Optical detection of the high pressure condition offers significant advantages due to the simplicity and low cost of the components, coupled with good dielectric isolation from the high operating potentials. However, previously described embodiments require careful alignment of the transmitting and detecting optical fiber components, or alignment of mirrors and reflecting surfaces. In practice, this can be difficult or expensive, and may lead to reliability issues if these components get out alignment during use. It would be useful to have a monolithic, self aligning reflector system that cannot get out of adjustment, and provides a more compact packaging geometry. A hemispherically shaped reflector, in accordance with embodiments of the present invention, provides these advantages.

FIG. 18 is a schematic cross sectional view 1800 of a hemispherically shaped reflector for optical detection of a high pressure condition in a high voltage device, according to an embodiment of the present invention. A hemispherically shaped reflector surface 1802 can provide two 90 degree reflections for a source beam 1804, if the source beam is oriented parallel to the axis of symmetry 1803 and is located at a radial position of R√{square root over (2)}/2, where R is the radius of the hemisphere. This location can be derived by constructing two equilateral right triangles 1808, 1810, having sides of length R√{square root over (2)}/2, and hypotenuse of R. Incoming ray 1822 reflects off inside surface of hemispherically shaped reflector 1802 at a 45 degree angle, at a point where right triangle 1814 is tangent to reflector surface. Reflected ray 1824 is directed horizontally (normal to the axis of symmetry 1803) to a second reflection point where right triangle 1812 is tangent to hemispherically shaped reflecting surface 1802. Exiting ray 1826 leaves parallel to incoming ray 1822 at a location R√{square root over (2)}/2 from axis 1803. An opaque flag 1820, inserted through an aperture in hemispherically shaped reflecting surface 1802, will intercept and block the reflected ray 1824 at a distance 1816 of R(1−√{square root over (2)}/2), from where axis 1803 intersects surface 1802 at the pole of the hemisphere. Since this dimension is only dependent on the radius of the hemisphere 1802, it can be precisely fixed once the hemispherically shaped surface 1802 is manufactured. Flag 1820 can be attached to any device whose movement is responsive to pressure inside the high voltage device, as described previously or in the figures below. The preceding analysis indicates that there is a single location where two 90 degree reflections occur. However, real optical beams have a finite width, and it is often desirable to focus these beams to increase their intensity. The spherical reflector, in accordance with the present invention, provides an unexpected benefit for optical beams less than specified widths, in that these beams can be focused for improved detection.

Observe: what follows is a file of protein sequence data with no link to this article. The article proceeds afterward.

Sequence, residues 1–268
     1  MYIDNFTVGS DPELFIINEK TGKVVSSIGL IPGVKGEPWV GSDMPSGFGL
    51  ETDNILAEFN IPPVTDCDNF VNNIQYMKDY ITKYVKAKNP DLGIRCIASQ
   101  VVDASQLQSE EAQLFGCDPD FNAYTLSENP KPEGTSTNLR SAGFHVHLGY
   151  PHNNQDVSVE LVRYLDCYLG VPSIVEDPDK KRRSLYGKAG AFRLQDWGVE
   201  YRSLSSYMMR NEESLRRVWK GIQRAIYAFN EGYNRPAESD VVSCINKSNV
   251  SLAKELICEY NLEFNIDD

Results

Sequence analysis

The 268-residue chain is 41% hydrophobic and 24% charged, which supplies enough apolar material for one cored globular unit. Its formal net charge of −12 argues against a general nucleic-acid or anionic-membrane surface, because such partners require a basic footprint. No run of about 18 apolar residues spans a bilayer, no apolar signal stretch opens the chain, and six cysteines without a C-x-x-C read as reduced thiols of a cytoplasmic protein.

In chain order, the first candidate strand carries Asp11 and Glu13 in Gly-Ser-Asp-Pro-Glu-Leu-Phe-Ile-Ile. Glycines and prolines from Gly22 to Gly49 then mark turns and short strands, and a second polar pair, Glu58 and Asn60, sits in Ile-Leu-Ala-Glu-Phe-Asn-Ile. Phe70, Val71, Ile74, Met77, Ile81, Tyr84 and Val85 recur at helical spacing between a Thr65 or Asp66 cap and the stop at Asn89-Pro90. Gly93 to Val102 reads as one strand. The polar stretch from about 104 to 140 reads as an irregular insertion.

FIG. 19 is a schematic cross sectional view 1900 of a hemispherically shaped reflector 1802 showing a ray trace analysis for narrow optical beam widths, according to an embodiment of the present invention. Arrows 1904 a and 1906 a represent the boundaries of an incoming light beam. The center of the beam is located at R√{square root over (2)}/2, or 0.707R (ref 1902) from axis 1803, as shown in FIG. 18. The boundaries are located at distances RM (ref 1908) and RL (ref 1910) from axis 1803. The ray trace of an incoming ray 1904 b shows a first reflected ray 1904 c and a second reflected ray 1904 d. The ray trace of incoming ray 1906 b shows a first reflected ray 1906 c and a second reflected ray 1906 d. Both reflected rays 1904 d and 1906 d intersect at focal point 1912. An optical detector placed at this location 1912, will receive a signal of increased intensity, due to the focusing action of the hemispherically shaped reflector.

However, for incoming optical beams of broad width, a divergence effect occurs, as shown in the ray trace analysis of FIG. 20. FIG. 20 is a schematic cross sectional view 2000 of a hemispherically shaped reflector 1802 showing a ray trace analysis for broad optical beam widths, according to an embodiment of the present invention. Arrows 2002 a and 2004 a represent the boundaries of a broad incoming light beam. The center of the beam is located at R√{square root over (2)}/2, or 0.707R (ref 1902) from axis 1803. The boundaries are located at distances Rmin (ref 2008) and Rmax (ref 2006) from axis 1803. The ray trace of an incoming ray 2002 b shows a first reflected ray 2002 c and a subsequently reflected rays 2002 d, 2002 e, and 2002 f. The ray trace of incoming ray 2004 b shows a first reflected ray 2004 c and a second reflected ray 2004 d. The directions of exiting rays 2002 f and 2004 d indicate the divergence of the incoming beam. To minimize the divergence effect, the incoming beam width (Rmax−Rmin) should be less than about 0.26R, preferably less than 0.06R.